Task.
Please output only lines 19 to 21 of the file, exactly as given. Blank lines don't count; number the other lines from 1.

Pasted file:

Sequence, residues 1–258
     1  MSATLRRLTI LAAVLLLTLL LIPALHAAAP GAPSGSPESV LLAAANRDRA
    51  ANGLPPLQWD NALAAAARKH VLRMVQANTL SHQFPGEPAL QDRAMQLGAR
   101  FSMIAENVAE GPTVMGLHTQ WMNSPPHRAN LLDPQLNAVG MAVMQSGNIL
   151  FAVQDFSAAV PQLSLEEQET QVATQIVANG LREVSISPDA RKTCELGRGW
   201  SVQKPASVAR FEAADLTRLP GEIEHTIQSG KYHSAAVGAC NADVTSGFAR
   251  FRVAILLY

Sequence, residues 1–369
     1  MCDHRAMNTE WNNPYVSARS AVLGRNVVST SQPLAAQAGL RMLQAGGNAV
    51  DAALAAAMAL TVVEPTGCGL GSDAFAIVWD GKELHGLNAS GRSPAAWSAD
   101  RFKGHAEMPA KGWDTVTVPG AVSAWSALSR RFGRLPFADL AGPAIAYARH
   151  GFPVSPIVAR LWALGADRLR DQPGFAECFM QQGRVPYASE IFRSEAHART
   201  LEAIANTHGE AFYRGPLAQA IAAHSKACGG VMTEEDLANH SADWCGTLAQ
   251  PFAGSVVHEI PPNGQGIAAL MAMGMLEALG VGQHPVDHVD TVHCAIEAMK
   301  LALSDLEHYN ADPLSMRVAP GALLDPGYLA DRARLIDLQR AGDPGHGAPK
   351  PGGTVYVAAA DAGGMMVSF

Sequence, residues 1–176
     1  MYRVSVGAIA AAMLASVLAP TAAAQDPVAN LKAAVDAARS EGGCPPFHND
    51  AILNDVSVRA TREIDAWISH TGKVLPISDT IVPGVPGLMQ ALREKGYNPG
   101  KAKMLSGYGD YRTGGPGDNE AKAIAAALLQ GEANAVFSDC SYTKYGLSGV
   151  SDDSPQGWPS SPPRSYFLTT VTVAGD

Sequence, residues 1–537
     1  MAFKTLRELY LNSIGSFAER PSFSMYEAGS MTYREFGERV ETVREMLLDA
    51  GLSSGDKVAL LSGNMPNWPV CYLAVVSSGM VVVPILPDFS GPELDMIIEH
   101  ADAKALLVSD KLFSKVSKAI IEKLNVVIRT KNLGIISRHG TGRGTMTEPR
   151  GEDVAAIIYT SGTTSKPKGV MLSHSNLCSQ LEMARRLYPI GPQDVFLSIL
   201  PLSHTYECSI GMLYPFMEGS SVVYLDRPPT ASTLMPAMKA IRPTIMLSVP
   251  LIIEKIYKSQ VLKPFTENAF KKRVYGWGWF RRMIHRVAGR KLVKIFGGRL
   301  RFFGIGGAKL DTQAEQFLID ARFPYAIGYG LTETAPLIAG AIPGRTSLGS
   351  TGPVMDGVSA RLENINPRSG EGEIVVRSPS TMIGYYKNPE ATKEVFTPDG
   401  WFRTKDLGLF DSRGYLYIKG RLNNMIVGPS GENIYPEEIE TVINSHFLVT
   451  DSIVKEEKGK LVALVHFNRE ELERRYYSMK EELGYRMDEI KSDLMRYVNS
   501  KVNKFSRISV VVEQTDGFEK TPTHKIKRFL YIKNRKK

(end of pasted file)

    51  AILNDVSVRA TREIDAWISH TGKVLPISDT IVPGVPGLMQ ALREKGYNPG
   101  KAKMLSGYGD YRTGGPGDNE AKAIAAALLQ GEANAVFSDC SYTKYGLSGV
   151  SDDSPQGWPS SPPRSYFLTT VTVAGD